A complete vehicle fuel-cycle analysis, or well-to-wheels analysis, however, shows numerous clear benefits of EVs, such as the elimination of tailpipe emissions from population centers. EVs are also simpler to manufacture and represent a resource and manufacturing savings. An EV has very few moving parts, and many manufacturers have stated that the manufacturing of EVs requires fewer assembly steps and worker hours compared to ICE cars.
EV adoption will have meaningful environmental benefits. While the life cycle impact of EVs compared to ICEs on climate should consider the nature of the electricity charging EVs (electricity may be generated by coal, for example, counteracting environmental gains of EVs), this impact is positive under any electric grid scenario. There are many academic studies comparing the EV versus ICE impact on the environment throughout the life cycle of a vehicle: from materials extraction to end-of-life recycling. One study concludes that even in the “dirtiest” grid (coal power) a fully electric fleet would result in 25% GHG emission reductions versus a diesel fleet (Exhibit 2).
Exhibit 2: EV Climate Impact Beneficial Under Any Energy Mix
In terms of charging, although it is still in an experimental phase, EV adoption could help balance the grid. Most EVs are charged at night, during off-peak hours, when utilization of the power grid is very low and much of the produced electricity is simply wasted as many power plants are not easy to shut down. By charging at night, EVs improve the utilization of the power fleet. Additionally, energy stored in batteries can be used to balance the grid at times of peak demand or power outages.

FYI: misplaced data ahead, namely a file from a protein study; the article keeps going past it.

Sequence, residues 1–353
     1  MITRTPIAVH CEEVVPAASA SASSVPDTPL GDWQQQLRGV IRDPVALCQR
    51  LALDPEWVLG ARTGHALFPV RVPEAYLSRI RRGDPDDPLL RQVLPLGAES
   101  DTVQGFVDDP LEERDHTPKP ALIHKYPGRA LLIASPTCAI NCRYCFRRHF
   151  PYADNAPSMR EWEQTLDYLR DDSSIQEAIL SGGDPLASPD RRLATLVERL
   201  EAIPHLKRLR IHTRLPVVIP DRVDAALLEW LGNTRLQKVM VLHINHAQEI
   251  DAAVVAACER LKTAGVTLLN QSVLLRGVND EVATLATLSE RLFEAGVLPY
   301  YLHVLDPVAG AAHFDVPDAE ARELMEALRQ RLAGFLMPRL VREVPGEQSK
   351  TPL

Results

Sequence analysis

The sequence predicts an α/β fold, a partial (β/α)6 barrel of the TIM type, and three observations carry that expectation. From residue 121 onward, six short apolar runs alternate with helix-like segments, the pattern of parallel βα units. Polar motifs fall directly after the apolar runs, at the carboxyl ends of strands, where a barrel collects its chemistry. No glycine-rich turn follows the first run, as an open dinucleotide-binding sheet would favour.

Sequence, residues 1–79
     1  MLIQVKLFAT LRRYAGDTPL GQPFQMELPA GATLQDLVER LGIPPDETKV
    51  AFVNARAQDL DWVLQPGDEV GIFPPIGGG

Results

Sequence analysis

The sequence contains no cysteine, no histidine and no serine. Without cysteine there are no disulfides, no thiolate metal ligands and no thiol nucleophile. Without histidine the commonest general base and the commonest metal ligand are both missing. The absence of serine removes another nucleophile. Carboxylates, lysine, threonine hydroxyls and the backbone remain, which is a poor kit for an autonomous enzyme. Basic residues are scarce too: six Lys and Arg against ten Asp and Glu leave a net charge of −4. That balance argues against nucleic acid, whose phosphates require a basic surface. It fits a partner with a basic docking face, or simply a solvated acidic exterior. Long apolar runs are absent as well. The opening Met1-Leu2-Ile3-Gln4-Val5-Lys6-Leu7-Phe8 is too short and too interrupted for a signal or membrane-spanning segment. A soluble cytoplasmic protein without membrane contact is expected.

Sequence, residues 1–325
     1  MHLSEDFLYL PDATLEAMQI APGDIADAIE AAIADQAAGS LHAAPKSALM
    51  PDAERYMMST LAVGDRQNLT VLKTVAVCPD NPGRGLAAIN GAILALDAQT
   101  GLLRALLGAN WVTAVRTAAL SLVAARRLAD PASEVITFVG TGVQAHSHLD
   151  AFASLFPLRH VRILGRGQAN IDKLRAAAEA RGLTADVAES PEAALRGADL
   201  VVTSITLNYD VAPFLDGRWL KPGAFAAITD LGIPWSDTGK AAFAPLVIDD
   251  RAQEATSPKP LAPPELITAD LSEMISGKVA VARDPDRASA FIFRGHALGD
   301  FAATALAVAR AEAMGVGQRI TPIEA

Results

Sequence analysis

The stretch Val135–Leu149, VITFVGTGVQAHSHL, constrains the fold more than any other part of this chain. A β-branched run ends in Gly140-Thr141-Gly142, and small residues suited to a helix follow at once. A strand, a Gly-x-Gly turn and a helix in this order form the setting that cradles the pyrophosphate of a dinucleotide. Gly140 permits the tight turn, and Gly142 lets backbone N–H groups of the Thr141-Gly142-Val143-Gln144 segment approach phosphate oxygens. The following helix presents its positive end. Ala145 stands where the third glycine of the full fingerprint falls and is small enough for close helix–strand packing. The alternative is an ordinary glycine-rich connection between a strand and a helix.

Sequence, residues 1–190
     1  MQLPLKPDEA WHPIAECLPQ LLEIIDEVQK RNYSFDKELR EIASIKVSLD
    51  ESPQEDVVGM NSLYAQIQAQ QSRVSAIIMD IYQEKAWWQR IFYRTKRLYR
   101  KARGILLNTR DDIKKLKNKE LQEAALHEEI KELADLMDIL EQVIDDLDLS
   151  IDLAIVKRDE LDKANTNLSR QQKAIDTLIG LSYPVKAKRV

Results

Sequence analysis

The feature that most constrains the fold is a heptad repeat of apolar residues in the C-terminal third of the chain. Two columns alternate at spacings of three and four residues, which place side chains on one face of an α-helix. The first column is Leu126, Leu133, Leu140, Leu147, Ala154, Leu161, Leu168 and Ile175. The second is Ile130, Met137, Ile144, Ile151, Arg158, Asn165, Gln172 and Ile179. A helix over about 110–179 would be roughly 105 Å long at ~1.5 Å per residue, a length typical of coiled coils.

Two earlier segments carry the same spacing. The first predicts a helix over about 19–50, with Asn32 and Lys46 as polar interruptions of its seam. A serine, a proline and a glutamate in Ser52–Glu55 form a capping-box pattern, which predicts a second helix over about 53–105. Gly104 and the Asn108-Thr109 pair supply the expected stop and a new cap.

EVs represent a compelling business opportunity for portfolio companies that can also have significant environmental benefits, and institutional investors are playing a growing role in pushing EVs forward. ClearBridge is a long-standing member of the Investor Network on Climate Risk (INCR), which has organized biennial summits on climate change at the United Nations for institutional investors to convene on how to apply private capital solutions to global warming. Both business opportunities and environmental benefits look poised to increase as EVs are adopted for commercial use. Commercial adoption should also reinforce the need for innovation in battery technology, reducing the need for rare materials and increasing the effectiveness of battery recycling. We will continue to engage with our portfolio companies to foster greater consumer and commercial EV adoption and address the challenges that the EV supply chain presents.